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    Appreciate you taking the time to post the story and pics. Great adventure for sure. Counting the days til next AUG.

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    WOW!! Great write up and thank you for sharing!! Your story makes me realize just how unprepared I am to go on a sheep hunt! Looks like you shared an awesome adventure with your brother and that is a beautiful bear!

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    Member kahahawai's Avatar
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    Mossyhorn,

    Amazing story, good read buddy !!! Thanks for sharing, I heard the Brooks got weathered in early this year and made it hard for most. You know some of the best hunts are the ones you do with those closest to you and that means alot, You guys did good, and spending the quality time together is all that matters. Congrats on your bear and a big thanks for predator control.......those sheep need every little help they can get up north aside from dealing with harsh winters.

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    Member broncoformudv's Avatar
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    Sounds like you and your brother had the deck stacked against you on that hunt but gave it everything you had. Glad the two of you still had an enjoyable time together and were able to get a nice grizzly to boot!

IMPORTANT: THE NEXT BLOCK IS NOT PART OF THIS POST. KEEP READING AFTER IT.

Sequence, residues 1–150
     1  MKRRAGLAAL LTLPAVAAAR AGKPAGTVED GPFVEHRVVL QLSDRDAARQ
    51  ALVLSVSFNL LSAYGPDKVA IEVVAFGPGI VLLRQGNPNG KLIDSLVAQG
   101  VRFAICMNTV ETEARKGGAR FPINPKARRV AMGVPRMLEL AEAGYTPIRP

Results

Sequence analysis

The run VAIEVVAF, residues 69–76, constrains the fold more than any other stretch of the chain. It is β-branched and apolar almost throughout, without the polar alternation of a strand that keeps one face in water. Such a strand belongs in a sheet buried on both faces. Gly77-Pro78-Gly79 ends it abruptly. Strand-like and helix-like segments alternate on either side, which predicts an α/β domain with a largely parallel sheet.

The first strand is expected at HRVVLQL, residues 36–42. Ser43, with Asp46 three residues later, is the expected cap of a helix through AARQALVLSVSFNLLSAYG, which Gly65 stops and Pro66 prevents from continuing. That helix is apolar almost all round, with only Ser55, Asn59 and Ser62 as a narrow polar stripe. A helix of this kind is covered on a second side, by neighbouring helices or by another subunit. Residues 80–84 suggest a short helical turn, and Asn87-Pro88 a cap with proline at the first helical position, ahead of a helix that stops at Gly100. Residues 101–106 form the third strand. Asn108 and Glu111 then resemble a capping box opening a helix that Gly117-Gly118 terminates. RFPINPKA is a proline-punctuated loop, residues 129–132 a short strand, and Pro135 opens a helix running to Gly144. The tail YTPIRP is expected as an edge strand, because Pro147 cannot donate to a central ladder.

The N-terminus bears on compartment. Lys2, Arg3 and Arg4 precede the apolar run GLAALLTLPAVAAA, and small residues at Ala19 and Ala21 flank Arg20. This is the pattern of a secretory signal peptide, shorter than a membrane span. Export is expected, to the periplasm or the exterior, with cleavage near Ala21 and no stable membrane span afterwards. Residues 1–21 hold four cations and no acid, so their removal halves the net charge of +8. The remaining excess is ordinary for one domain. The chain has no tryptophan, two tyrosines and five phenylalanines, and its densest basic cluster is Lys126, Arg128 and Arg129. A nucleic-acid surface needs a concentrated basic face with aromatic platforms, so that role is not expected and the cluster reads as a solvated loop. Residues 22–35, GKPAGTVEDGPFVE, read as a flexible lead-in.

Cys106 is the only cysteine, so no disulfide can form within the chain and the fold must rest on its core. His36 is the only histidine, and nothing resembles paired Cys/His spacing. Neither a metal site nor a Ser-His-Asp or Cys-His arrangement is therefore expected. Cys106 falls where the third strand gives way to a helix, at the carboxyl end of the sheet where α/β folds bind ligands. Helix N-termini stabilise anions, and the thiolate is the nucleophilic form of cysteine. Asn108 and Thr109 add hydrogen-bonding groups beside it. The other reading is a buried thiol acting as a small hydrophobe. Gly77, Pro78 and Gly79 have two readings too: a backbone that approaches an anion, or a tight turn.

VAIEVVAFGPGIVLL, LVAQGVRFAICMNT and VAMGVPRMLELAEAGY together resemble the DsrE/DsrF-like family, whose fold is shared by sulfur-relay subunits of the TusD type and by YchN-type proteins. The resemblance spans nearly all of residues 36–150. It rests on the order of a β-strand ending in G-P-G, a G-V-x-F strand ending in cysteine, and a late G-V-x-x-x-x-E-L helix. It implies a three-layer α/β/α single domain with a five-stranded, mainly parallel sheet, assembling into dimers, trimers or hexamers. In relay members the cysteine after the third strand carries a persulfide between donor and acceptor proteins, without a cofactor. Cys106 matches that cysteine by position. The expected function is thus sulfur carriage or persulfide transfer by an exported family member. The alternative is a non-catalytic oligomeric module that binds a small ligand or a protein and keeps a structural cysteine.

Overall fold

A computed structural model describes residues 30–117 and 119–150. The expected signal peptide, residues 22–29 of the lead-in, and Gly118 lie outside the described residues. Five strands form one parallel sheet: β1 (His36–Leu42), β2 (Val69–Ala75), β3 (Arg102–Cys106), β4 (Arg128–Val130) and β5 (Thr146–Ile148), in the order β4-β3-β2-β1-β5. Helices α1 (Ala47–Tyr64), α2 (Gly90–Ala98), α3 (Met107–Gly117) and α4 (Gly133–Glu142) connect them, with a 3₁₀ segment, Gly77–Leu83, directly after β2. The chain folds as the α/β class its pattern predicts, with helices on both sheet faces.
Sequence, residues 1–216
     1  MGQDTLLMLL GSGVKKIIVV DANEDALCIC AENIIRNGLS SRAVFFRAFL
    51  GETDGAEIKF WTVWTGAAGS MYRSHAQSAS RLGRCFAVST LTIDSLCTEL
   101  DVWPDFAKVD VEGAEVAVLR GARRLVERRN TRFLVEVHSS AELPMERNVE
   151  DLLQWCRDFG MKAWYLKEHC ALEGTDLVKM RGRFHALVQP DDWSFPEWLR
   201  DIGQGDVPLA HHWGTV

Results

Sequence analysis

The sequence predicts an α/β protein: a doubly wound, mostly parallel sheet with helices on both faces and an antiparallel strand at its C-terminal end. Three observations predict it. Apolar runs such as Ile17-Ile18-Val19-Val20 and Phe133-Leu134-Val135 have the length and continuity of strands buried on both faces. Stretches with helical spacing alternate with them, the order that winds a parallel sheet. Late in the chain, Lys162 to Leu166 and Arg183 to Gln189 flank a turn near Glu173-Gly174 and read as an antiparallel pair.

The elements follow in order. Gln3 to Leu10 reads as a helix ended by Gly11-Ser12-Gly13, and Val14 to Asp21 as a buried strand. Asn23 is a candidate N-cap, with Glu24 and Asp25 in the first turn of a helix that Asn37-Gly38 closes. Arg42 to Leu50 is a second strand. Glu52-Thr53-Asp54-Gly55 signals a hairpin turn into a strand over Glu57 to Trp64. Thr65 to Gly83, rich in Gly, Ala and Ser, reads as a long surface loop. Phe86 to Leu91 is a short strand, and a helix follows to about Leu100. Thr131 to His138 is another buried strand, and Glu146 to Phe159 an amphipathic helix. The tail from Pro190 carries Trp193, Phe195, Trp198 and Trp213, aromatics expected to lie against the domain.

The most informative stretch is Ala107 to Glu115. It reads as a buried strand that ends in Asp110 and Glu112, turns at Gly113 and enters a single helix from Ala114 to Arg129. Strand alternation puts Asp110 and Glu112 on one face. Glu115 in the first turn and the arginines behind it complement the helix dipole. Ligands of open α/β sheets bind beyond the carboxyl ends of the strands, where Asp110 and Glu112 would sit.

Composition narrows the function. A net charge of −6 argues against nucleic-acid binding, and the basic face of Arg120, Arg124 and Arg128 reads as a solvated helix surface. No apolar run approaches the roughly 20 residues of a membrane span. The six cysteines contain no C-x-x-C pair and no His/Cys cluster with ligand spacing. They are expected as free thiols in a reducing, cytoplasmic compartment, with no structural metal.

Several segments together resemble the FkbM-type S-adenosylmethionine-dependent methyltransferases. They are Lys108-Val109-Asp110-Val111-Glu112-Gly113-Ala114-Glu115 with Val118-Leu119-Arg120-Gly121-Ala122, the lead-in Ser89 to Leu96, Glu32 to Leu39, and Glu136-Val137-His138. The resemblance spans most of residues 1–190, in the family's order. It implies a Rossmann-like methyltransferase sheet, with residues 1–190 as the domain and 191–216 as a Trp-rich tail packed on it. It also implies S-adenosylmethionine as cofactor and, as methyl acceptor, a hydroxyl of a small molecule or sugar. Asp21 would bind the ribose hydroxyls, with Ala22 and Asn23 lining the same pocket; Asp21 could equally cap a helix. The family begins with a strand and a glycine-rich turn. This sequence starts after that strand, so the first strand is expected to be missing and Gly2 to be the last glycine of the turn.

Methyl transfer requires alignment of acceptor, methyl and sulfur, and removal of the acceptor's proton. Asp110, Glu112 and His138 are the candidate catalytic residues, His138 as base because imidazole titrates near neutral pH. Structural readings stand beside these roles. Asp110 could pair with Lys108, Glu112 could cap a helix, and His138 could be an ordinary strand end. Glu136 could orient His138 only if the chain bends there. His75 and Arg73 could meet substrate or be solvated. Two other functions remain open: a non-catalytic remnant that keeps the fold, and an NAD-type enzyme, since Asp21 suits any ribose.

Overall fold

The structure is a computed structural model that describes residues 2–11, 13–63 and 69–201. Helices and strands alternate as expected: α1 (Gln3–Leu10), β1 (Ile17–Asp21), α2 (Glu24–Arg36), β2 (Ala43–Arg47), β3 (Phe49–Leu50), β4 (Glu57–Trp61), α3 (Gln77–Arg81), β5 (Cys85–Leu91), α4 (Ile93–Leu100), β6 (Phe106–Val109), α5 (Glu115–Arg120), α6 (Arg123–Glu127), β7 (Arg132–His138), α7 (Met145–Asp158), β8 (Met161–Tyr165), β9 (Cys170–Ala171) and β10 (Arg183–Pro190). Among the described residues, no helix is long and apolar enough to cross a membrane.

16. #16
    Member mossyhorn's Avatar
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    Quote Originally Posted by kahahawai View Post
    Mossyhorn,

    Amazing story, good read buddy !!! Thanks for sharing, I heard the Brooks got weathered in early this year and made it hard for most. You know some of the best hunts are the ones you do with those closest to you and that means alot, You guys did good, and spending the quality time together is all that matters. Congrats on your bear and a big thanks for predator control.......those sheep need every little help they can get up north aside from dealing with harsh winters.
    Thanks guys...Ya there's a lot of grizzlies up there, more than I think most realize. We saw tracks and scat everywhere. Talked to another hunter that said he saw, I think, 5-6 bears and one stole a caribou from him.

    The weather was the biggest limiting factor, trying to find sheep in the snow was tough, finding them in the patchy broken snow seemed tougher. Our biggest regret was going too hard in the beginning. I think we both burned ourselves out quicker than we should have. The night getting turned around really took the worst toll. So in the future we need to try and hunt smarter. We just felt the crunch with the weather and felt we needed to do what we could when we could.

    Definitely time well spent though. Had my brother call me and thank me again for one awesome adventure and even though we didn't score, he said it was the trip of a lifetime. So that was good.

  17. #17
    Member Tearbear's Avatar
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    Thanks for sharing your hunting story...one of the best on this forum that I've had the privilege to read. Congratulations on your nice bear...not too many hunters get to shoot a bear while in their underwear.
    "Grin and Bear It"

  18. #18
    Member HuntNBgame's Avatar
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    Thanks for sharing, Good write up. Congrat's on your Grizz.

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    Thanks for sharing your awesome pics and adventure, Sounded epic!

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    Great read! Hunts like this often make the best memories.